Rep. Brian Higgins, a Democratic Congressman who represents a district that covers Buffalo and northwestern New York and who has been lobbying to open the border, was sharply critical of the decision to keep the U.S. land border closed.

"The U.S.-Canadian relationship is integral for our economies and life-quality. The failure to make opening the border the priority that it should be is a huge mistake. There has not been enough attention placed on the value and opportunity that comes with restoring connections between our two nations. It is beyond disappointing; it is hurtful both at a human and economic level," he said in a statement.

Republican Congresswoman Elise Stefanik, whose district includes northern New York State cities like Plattsburgh and Massena, said keeping the U.S. land border closed is hurting her constituents.

"The cost of President Biden's inaction is devastating to North Country families, businesses, and communities hopeful that the United States would restore travel across the border," Stefanik said in a press release. "It is shameful that while the Canadian government has opened travel for fully vaccinated American travelers, President Biden would still deny northern border communities access to family, travel, and commerce.

Democratic Congresswoman Suzan DelBene, whose district in Washington state borders Canada, questioned why fully vaccinated Canadians can fly into the United States but not drive over the border.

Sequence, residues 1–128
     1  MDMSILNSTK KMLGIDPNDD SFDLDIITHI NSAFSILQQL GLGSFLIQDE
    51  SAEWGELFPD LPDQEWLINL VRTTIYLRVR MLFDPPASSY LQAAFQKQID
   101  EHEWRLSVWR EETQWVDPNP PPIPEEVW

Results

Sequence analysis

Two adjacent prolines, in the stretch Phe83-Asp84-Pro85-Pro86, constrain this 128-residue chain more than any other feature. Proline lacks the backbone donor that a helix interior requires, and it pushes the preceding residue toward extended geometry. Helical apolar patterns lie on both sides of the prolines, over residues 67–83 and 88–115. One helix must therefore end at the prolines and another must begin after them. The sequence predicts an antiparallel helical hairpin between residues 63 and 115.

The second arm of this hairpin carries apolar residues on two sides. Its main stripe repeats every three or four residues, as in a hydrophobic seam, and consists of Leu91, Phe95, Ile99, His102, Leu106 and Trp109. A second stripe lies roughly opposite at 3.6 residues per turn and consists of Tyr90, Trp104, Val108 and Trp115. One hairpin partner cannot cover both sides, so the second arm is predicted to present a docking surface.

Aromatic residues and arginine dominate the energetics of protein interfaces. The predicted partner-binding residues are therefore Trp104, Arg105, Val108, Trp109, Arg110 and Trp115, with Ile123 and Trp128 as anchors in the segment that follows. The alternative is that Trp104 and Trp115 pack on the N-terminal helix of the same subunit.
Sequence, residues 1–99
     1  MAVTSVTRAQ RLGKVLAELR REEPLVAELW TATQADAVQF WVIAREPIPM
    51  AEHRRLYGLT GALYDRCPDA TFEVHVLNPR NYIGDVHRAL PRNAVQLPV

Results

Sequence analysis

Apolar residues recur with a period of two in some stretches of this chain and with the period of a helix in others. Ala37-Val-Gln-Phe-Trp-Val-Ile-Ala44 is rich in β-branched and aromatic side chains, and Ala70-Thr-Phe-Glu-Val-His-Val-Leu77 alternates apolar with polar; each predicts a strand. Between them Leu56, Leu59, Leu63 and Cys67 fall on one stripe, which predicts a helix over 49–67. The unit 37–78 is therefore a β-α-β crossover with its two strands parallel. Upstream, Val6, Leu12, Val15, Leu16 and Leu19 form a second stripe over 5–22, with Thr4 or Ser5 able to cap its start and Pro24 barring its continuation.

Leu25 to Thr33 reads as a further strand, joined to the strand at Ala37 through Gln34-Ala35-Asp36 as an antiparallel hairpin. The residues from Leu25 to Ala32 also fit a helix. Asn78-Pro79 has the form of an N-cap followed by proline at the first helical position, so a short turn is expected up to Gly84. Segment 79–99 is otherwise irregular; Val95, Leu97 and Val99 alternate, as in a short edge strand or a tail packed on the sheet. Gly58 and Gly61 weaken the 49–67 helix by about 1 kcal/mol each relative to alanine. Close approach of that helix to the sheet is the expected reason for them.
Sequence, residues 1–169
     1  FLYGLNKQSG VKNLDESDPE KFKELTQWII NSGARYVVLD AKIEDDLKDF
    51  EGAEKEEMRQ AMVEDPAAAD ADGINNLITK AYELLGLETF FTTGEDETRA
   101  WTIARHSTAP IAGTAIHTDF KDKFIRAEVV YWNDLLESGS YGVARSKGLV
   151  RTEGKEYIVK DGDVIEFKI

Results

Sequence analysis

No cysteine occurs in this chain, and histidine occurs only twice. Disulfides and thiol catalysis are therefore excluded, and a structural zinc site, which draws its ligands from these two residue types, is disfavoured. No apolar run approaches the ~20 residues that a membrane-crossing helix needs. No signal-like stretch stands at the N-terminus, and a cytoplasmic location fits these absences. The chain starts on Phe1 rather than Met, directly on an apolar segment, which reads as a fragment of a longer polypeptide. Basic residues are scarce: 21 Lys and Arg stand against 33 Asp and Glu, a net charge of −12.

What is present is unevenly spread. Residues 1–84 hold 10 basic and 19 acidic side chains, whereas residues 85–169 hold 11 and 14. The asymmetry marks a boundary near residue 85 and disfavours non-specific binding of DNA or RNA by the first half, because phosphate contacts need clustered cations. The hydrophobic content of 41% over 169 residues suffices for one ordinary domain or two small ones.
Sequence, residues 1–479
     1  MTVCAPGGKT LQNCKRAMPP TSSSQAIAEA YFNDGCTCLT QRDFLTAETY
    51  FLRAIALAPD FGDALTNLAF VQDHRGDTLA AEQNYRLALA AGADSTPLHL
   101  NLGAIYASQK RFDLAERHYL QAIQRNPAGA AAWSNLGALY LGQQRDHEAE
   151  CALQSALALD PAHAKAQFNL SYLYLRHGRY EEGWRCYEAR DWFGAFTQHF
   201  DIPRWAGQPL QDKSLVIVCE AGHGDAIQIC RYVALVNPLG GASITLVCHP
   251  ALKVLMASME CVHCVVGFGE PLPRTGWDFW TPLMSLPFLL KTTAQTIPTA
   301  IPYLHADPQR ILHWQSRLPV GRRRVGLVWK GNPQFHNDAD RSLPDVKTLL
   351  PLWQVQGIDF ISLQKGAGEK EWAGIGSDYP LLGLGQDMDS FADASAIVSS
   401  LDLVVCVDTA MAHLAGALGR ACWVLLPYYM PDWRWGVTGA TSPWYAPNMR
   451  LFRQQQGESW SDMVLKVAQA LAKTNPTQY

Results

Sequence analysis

"The United States' decision to extend the northern border closure by another month is wrong and misguided. Over the past year and a half, we have asked our border communities to put their economies and lives on hold to combat this virus. Asking them to wait another month is a lifetime for them."

Maryscott Greenwood, CEO of the Canadian-American Business Council, said the land border closure has had an impact on people on both sides of the border.

"We sincerely hope that this is the last renewal of the border closure and that [U.S. Customs and Border Patrol] will use this time to plan for a safe and smooth re-opening," she said in a statement. "It is impossible to overstate the impact on our interconnected lives and livelihoods that have now been separated by the border for the past year and a half. With good will and smart use of technology, we should be able to reopen."

In an interview earlier this week, Greenwood said the Department of Homeland Security is looking for ways to certify that people have been vaccinated.

"The Department of Homeland Security truly doesn't want to be in the business of validating vaccine certifications, so what they are looking to is private sector [solutions] that they can adopt."

Mark Agnew, senior vice president of the Canadian Chamber of Commerce, was also critical.

"We're disappointed to see the continued restrictions on the land border going into the United States given both the opening of the border to fully vaccinated Americans coming into Canada and the ability of Canadians to fly into the U.S. for all purposes," Agnew said in a statement. 

"This creates confusion for travellers when all our members repeatedly tell us they are seeking predictability. This also distracts from the efforts that should be put into developing interoperable digital health credentials." 

Elizabeth Thompson can be reached at elizabeth.thompson@cbc.ca

With files from Meagan Fitzpatrick